Are you, as a secured creditor, obligated to provide a borrower with a payoff statement on demand? In Wisconsin, the answer is a resounding yes. Under Wisconsin Statute section 708.15 (“Mortgage satisfaction”), a borrower may make a request to a secured creditor for a payoff statement, to be delivered to the borrower within 30 days of the request, and the secured creditor must provide the payoff statement.
The request is for a payoff within 30 days, so there’s no rush, right? Not so fast (or really, slow), says Wisconsin. Though the borrower’s request may ask for a payoff statement within 30 days, Wisconsin requires that the secured creditor provide the payoff statement within 7 business days of receiving the request if the encumbered property is residential property; if the encumbered property is not residential property, then the secured lender must deliver the payoff statement within a “reasonable longer time” after the request. Thus, there’s not even time to “drop the ball.” Payoff should be ordered immediately after receiving the request, and sent to the borrower as soon as it is available.
Will your institutional payoff statement work? It depends. Under the statute, the payoff statement must include: (a) the date the statement was prepared; (b) the payoff amount as of the date prepared; (c) a breakdown of the payoff amount; (d) the information necessary to calculate the payoff amount as of another date; (e) the time and location where payment is to be made; (f) the method of payment required; and, most importantly (g) the secured lender MAY NOT qualify the payoff statement with a statement such as “subject to change.” If your standard payoff statement states it is “subject to change,” you may want to consider a revision to make sure your statement complies with the statute.
In all the rush to get a payoff statement out to the borrower, what happens if the payoff amount is inaccurate? If the payoff statement reflects an inaccurate amount, the secured creditor may rectify the error with a revised statement unless the borrower has reasonably and detrimentally relied upon the original payoff statement. That being said, even if the payoff statement includes an inaccurate amount, it will not prohibit the secured creditor from recovering any sum not included in the erroneous payoff statement against any person liable.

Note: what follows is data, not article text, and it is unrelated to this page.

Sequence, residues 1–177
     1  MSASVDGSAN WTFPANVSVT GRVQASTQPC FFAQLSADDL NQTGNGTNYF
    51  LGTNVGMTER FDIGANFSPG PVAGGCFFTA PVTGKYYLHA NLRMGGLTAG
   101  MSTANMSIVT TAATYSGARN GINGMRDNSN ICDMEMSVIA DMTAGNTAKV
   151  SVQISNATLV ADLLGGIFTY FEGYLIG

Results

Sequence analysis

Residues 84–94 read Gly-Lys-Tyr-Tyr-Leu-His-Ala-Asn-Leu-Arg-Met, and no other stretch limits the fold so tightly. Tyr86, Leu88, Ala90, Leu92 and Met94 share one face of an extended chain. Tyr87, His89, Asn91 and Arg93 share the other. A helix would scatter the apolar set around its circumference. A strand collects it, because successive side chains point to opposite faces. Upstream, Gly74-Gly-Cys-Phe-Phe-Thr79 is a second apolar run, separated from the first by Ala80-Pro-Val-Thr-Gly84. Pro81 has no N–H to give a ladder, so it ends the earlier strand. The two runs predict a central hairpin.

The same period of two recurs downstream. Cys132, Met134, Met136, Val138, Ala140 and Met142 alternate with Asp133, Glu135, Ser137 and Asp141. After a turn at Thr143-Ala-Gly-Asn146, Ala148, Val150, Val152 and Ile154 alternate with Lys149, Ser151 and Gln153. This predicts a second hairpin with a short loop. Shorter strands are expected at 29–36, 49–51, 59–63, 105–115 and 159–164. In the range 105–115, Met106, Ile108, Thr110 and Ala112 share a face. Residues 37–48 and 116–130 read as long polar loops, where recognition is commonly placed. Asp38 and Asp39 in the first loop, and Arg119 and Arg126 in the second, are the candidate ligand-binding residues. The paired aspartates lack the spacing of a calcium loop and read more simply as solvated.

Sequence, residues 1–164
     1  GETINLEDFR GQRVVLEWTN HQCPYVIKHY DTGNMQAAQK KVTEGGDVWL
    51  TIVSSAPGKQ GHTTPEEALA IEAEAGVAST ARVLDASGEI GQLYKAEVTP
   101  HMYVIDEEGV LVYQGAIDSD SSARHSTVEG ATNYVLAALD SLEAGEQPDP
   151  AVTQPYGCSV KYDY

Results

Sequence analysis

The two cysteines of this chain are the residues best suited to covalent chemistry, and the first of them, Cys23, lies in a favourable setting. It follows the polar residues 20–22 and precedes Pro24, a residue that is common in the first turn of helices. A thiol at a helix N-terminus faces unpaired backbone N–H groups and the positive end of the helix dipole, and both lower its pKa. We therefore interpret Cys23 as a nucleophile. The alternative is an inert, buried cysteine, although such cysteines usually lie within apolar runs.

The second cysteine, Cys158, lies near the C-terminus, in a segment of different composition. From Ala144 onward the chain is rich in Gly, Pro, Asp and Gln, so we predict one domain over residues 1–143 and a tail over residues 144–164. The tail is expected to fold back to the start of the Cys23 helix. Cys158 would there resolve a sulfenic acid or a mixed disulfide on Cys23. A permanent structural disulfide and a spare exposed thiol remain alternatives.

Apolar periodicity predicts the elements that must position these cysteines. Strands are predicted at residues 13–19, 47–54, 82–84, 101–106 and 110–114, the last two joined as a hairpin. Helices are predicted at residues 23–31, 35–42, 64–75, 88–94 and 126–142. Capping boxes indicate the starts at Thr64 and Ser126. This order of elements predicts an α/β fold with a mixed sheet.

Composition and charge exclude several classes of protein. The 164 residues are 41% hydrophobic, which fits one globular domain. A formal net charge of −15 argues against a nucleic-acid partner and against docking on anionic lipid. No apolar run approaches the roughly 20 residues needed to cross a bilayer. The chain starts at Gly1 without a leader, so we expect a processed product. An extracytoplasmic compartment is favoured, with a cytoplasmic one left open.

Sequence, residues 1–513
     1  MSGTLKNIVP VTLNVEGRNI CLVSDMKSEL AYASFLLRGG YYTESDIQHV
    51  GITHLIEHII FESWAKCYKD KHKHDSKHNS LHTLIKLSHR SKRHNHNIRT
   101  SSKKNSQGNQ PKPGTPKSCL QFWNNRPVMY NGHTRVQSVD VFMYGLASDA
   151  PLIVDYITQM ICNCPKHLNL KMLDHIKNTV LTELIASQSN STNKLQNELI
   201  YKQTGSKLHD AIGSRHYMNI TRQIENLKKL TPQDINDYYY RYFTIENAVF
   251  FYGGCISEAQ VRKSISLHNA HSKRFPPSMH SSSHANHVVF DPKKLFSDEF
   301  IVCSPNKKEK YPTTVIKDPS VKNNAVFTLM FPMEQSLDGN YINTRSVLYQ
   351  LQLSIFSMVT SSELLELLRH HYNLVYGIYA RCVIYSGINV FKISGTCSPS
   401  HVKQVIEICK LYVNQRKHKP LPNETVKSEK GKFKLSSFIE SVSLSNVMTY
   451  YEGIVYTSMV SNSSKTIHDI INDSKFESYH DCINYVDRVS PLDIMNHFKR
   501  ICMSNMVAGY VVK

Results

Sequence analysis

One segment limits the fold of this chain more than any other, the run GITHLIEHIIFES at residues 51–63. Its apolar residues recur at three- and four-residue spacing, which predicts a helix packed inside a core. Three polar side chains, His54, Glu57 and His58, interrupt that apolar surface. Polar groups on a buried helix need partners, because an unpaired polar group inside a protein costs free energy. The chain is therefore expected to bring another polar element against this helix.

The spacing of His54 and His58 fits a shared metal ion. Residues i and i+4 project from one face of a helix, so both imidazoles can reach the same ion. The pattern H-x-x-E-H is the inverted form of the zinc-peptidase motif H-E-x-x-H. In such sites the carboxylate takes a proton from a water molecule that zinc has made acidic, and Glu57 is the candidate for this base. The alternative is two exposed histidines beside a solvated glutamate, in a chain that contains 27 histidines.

What happens if you do, in fact, “drop the ball”? Failure to comply with this statute may result in actual damages, plus five hundred dollars, and attorney fees and costs being awarded to the borrower. However, the secured creditor is not liable under this section in any event if the secured creditor i) has established a reasonable procedure to achieve compliance with its obligations under this section, ii) complied with that procedure in good faith, and iii) was unable to comply with its obligations because of circumstances beyond its control.
Let’s say you send out the payoff statement and, ta da, you receive a check or wire for full payment. What are you obliged to do? The statute makes it clear that the secured creditor must record a satisfaction of the security interest within 30 days of receipt of full payment. In the case of a line of credit, a request for termination of the line of credit from the borrower must accompany the full satisfaction. But again, like with the payoff statement, if the secured creditor fails to comply with the statute, the secured creditor may be liable for actual damages, plus five hundred dollars, plus attorneys’ fees and costs being awarded to the borrower. Thus, it looks like the best bet for the secured creditor in Wisconsin is i) to provide an accurate payoff statement that includes the statutorily required information, ii) to provide that payoff statement quickly, and iii) to let the world know immediately after payoff that the security interest has been satisfied.
This document is intended for informational purposes only and is not legal advice or a substitute for consultation with a licensed legal professional in a particular case or circumstance.